This year’s Institutional Web Management Workshop, IWMW 2009, is now over. Despite being the 13th in the series on annual events aimed at members of institutional Web management teams, the event was not unlucky! The largest event audience for an IWMW event (200 registered delegates) arrived at the University of Essex campus which began on Tuesday 28 July with the opening plenary talk on “Headlights on Dark Roads” given by Professor Derek Law. And despite a rail dispute on Thursday (the final day of the event) there was still a large audience for the final talk on “How the BBC make Web sites“, an entertaining session on the importance of developers by the two Mikes (Ellis and Nolan) and my closing summary.
Amplification of the IWMW 2009 Event
I’ll not attempt to summarise everything that took place at IWMW 2009 in this blog. However there were a number of issues which were raised during the event which will be worth exploring in future posts. But for now I thought I’d summarise three aspects of the event organisation (rather than the content) which I feel are particularly noteworthy.
The IWMW 2009 Blog
Last year we provided a Ning social network for use by the workshop participants. This year. inspired by the approaches taken at the Dev8D and Mashed Library Oop North events, we decided to set up a IWMW 2009 blog. The aim was to provide a less formal environment than the main event Web site, for both published information about the event and about the workshop participants, including their interests, recollections of previous IWMW events from those who have attended previous event and reasons why newcomers at the event have decided to travel to Essex in the last week of July. The blog proved very successful. We will be continuing to encourage some further posts to the blog before the participants disappear off for their summer holiday.
For the third year running we provided a live video stream of the plenary talks. I understand that there were about 50 people viewing the opening plenary talk. It will be interesting to see the viewing statistics for the second and third days.
In order to provide a richer experience for the remote audience we ensured that the slides for the plenary speakers who used PowerPoint were available on Slideshare (and note that many of the slideshows used in the parallel sessions are also available) .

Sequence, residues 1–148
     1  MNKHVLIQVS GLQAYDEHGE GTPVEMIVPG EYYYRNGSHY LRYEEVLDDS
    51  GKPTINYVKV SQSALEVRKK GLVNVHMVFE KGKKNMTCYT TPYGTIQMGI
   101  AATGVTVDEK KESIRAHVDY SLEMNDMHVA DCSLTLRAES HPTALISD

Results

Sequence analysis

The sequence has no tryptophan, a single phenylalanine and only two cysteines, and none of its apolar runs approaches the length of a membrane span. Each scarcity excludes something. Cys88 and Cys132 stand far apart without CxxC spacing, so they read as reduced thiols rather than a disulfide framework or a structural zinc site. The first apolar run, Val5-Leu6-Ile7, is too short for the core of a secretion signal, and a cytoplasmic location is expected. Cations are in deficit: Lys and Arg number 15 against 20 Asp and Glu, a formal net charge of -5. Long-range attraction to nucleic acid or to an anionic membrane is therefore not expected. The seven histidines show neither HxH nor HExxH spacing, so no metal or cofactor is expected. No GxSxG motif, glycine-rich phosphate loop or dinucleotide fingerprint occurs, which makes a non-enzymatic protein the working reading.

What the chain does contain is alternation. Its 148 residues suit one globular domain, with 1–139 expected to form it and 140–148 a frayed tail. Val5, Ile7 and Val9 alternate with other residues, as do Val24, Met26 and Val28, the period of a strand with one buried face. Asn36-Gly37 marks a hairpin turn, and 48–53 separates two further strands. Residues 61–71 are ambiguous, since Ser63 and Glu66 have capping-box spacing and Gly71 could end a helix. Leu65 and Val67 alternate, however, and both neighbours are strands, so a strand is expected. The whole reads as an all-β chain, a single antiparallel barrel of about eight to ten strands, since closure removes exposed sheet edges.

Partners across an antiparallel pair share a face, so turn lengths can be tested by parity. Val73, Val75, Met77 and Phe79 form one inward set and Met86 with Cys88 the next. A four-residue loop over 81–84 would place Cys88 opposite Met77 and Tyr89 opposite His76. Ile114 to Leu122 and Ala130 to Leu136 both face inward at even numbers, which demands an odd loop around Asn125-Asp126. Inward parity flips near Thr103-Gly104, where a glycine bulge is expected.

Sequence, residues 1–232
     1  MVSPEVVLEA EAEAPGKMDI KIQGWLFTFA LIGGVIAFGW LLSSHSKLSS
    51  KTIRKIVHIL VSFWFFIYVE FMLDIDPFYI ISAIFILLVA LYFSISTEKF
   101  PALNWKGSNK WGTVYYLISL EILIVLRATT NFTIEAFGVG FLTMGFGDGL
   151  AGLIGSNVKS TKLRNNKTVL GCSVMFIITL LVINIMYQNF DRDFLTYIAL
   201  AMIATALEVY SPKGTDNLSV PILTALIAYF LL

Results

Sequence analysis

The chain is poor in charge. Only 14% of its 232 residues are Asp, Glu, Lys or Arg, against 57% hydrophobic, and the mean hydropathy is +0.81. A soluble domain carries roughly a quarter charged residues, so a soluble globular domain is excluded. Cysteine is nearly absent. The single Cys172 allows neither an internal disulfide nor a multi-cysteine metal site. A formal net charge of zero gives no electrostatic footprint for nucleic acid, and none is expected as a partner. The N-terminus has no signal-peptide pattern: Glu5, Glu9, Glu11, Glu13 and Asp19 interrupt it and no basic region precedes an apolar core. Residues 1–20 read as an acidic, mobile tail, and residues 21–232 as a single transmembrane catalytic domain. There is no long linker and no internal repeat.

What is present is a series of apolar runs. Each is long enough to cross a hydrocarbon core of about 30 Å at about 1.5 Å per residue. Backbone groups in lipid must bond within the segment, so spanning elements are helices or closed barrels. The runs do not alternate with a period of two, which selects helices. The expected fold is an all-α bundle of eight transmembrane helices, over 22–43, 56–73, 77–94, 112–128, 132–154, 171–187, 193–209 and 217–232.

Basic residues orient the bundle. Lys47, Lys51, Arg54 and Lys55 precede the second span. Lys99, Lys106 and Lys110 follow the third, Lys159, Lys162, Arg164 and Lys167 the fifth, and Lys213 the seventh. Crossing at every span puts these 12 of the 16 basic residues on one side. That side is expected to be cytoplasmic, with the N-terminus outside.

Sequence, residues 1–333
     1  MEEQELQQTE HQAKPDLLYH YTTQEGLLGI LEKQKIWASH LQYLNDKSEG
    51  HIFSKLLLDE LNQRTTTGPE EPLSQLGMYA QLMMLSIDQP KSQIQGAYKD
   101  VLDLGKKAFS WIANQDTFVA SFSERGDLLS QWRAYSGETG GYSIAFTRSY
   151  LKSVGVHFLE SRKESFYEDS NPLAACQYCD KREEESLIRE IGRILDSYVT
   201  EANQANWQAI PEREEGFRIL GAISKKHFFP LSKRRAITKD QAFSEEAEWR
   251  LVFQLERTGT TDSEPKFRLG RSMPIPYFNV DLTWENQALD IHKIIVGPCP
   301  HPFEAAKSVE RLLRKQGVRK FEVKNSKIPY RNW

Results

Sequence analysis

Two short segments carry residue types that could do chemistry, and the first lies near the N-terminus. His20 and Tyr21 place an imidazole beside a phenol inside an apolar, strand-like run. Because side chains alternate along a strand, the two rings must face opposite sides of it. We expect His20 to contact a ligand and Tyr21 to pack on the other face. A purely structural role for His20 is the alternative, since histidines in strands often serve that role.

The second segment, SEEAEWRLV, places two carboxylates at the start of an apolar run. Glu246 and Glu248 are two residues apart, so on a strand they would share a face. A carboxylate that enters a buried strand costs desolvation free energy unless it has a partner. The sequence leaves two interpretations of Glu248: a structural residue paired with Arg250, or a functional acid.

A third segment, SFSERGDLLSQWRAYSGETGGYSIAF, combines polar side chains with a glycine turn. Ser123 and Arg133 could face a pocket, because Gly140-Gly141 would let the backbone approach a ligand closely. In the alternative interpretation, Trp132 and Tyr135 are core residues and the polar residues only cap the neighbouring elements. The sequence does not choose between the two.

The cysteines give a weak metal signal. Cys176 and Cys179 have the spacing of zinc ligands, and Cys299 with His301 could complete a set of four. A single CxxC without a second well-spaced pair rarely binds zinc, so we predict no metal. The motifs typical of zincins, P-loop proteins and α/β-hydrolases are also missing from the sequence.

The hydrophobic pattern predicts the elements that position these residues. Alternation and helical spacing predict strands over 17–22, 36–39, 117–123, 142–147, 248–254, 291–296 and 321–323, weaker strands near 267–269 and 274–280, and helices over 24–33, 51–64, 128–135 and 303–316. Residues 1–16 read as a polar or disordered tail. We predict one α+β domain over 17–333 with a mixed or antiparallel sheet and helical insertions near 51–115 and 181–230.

In addition an official live blogger used the iwmwlive Twitter account to provide a running commentary of the plenary talks. Kirsty McGill, who provided the live blogging service, also used these notes as the basis of a summary of the talks which was posted to the blog shortly afterwards.
We made a conscious effort to treat the remote audience as ‘first class citizens’. As well as the technologies listed above, we also tried to ensure that everyone used a microphone so that the remote audience could hear not only the speakers, but also the session chair and any questions posed by the live audience.
As well as the official use of Twitter for recording plenary talks and an IWMW Twitter account for administrative use (I’m pleased the missing phone reported on Twitter was found) we also encouraged participants to use the #iwmw2009 tag when tweeting about the event.
Links with the US
Thus year, for the first time, we worked with Higher Ed Experts who provide professional development and social networking online opportunities to higher education professionals working in Web, marketing, PR and admissions offices in the USA. Two of the parallel sessions, Where’s the University? Building an institutional geolocation service by Janet McKnight and Sebastian Rahtz (Oxford University Computing Services) and Using Amazon Web Services by Mike Richwalsky (Allegheny College) had been pre-recorded in advance of IWMW 2009 and were provided as free Webinars on the Higher Ed Experts Web site.
Reflections on the Event Amplification
None of the aspects of IWMW 2009 I have described is significantly new. We have made use of wikis (at IWMW 2007) and social networks at previous events; the use of communication technologies to facilitate discussions during plenary talks dates back to IWMW 2005 when we made use of IRC (as you can see from the archive of the IRC discussions) and we have been video streaming the plenary talks since 2007.
In previous years use of these technologies to ‘amplify’ the ideas and thinking beyond the physical event and enhance the discussions and debate at the event has been experimental. This year we have attempted to provide this as a service. The local participants have expectations of reasonable levels of service for the food and accommodation at the event. But now we can expect remote participants to have similar expectations regarding access to the content and the discussions and debate.
Did we provide a satisfactory level of service? Please let us know.